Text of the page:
2. The student carries out a comprehensive literature review and the dissertation takes the form of a critical assessment of the current state of knowledge, comparable to an article in the Journal of Economic Surveys. The student might suggest one paper (either a journal article or a working paper), book, policy issue or other suitable object whose in-depth, critical assessment will form the central core of the dissertation. Approval by the Program Coordinator requires agreement by the potential supervisor that the topic and/or the core paper chosen by the student contains an appropriate quantity and level of economics and is suitable for such a dissertation.
To write a critical assessment, students need to carry out background reading, review references listed in the paper and independently identify further relevant works. There is a need for the student to clearly locate the paper being examined within this body of literature, as well as demonstrate an understanding of the theoretical and/or empirical material in the paper, and provide critical assessment and policy implications.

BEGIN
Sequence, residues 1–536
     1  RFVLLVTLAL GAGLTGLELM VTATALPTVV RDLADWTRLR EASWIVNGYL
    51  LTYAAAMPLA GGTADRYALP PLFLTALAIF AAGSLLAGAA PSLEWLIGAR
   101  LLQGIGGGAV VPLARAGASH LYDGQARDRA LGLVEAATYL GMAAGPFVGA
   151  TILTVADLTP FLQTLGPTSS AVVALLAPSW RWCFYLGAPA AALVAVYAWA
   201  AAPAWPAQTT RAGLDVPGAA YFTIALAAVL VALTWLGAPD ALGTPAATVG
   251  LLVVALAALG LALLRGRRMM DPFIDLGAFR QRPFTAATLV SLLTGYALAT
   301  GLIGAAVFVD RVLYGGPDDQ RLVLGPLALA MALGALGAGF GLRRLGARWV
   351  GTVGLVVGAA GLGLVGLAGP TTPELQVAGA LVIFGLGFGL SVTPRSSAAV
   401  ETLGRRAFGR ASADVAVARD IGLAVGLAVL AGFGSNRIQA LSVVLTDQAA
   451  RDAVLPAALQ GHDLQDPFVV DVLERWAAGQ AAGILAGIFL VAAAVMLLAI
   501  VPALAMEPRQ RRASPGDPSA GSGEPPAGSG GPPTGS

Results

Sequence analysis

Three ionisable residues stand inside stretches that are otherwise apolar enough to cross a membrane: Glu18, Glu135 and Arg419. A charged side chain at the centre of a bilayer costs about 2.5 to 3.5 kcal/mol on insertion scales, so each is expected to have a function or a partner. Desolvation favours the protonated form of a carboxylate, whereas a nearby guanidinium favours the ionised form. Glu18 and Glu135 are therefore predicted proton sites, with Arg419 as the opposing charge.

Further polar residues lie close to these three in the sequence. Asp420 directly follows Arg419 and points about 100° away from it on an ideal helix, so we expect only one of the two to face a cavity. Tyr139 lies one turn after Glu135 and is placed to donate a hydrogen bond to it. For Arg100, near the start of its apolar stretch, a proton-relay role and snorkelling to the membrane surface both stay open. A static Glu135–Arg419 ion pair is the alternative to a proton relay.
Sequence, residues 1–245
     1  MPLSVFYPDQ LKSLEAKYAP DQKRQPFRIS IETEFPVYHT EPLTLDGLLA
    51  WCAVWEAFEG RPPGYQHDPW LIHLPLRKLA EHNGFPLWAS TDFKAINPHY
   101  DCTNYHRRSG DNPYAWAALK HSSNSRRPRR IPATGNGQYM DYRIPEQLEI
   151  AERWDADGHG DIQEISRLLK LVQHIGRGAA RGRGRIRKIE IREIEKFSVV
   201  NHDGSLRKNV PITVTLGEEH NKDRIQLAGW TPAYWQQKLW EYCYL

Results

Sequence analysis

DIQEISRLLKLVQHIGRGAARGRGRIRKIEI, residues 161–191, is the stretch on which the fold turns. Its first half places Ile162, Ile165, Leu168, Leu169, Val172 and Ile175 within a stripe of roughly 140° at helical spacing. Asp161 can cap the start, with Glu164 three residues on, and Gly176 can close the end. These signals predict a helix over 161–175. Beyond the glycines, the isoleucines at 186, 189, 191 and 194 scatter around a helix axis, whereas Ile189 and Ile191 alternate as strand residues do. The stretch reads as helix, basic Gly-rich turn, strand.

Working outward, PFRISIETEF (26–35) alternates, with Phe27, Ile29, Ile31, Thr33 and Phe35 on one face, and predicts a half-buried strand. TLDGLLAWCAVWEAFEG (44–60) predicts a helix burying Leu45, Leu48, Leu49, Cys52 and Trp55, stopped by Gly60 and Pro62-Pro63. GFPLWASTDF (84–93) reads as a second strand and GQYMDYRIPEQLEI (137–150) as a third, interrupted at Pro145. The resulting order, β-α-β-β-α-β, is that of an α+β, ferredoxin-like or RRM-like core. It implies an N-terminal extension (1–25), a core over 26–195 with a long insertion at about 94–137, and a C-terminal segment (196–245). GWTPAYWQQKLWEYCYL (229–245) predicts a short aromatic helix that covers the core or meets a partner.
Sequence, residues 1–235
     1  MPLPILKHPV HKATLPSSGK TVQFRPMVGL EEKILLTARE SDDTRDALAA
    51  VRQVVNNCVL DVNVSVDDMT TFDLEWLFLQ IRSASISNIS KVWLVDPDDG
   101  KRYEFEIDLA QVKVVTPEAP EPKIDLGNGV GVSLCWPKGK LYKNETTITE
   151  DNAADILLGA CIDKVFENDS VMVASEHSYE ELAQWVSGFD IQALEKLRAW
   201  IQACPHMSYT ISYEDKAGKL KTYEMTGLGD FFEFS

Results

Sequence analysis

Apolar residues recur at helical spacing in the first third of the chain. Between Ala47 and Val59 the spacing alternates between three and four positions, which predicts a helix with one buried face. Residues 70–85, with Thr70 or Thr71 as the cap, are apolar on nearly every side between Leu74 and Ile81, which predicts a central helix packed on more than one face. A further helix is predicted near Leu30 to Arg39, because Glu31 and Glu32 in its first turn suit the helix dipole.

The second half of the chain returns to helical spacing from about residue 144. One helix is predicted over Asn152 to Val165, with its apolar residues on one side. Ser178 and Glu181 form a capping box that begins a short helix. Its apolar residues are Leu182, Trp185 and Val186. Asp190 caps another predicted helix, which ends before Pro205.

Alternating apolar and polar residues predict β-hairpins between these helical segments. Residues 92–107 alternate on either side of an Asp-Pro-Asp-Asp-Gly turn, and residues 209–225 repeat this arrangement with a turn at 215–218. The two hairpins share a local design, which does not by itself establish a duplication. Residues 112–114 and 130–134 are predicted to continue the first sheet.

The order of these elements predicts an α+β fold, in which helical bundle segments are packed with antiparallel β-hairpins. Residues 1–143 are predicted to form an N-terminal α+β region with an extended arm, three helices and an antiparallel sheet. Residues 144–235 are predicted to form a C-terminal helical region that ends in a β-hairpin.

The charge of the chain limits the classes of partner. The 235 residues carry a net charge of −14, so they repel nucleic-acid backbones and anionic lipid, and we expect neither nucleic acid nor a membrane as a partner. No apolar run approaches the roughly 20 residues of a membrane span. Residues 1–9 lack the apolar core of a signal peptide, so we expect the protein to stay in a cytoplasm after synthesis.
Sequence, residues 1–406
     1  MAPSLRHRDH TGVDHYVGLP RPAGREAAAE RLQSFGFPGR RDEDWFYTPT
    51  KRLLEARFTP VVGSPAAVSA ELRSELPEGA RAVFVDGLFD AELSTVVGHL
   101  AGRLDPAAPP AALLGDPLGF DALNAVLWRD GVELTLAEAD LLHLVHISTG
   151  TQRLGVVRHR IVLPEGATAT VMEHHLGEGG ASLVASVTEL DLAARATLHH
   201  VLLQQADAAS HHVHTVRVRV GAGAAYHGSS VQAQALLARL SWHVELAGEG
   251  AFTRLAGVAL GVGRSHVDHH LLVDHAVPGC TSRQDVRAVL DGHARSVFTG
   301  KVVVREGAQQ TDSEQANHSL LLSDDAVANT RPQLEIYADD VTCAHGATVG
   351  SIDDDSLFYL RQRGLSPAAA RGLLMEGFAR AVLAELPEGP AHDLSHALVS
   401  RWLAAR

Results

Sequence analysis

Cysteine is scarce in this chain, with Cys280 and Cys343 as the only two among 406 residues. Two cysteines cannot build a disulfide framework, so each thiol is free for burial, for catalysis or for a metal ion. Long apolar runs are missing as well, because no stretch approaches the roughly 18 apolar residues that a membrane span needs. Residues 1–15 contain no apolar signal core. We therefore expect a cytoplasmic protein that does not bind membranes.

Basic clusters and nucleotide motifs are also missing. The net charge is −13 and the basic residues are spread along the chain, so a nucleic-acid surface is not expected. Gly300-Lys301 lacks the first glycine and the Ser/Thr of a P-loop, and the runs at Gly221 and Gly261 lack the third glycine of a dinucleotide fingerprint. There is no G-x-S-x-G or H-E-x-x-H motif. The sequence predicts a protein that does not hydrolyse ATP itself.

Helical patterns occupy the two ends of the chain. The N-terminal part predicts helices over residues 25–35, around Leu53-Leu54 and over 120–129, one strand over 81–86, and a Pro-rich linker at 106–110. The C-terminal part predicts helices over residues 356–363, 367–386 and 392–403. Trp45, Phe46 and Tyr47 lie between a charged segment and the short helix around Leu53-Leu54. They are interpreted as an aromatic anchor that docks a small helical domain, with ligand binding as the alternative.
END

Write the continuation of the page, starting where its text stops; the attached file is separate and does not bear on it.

Topics for Dissertation:
As mentioned above, students are responsible for proposing the topic of the dissertation, although they can discuss their area of interest and a general idea for a topic with the Program Coordinator, who can assist them to narrow down the topic if necessary.
Some examples of previous dissertations are:
Theoretical Analysis: The Possibility of a Sino-Australia Free Trade Agreement (2004)
Empirical Analysis: The Effect of Foreign Direct Investment on the Host Country Export: In the case of Thailand (2004)
Empirical Analysis: The Causality between income and Energy Consumption: A Panel Vector Autoregressive Approach (2007)
Literature review and critical critique: Does Good Policy Impact Effectiveness and Allocation of Aid? (2007).
The University's policy on Assessment for Coursework Programs is based on the following four principles:
- Assessment must encourage and reinforce learning.
- Assessment must enable robust and fair judgements about student performance.
- Assessment practices must be fair and equitable to students and give them the opportunity to demonstrate what they have learned.
- Assessment must maintain academic standards.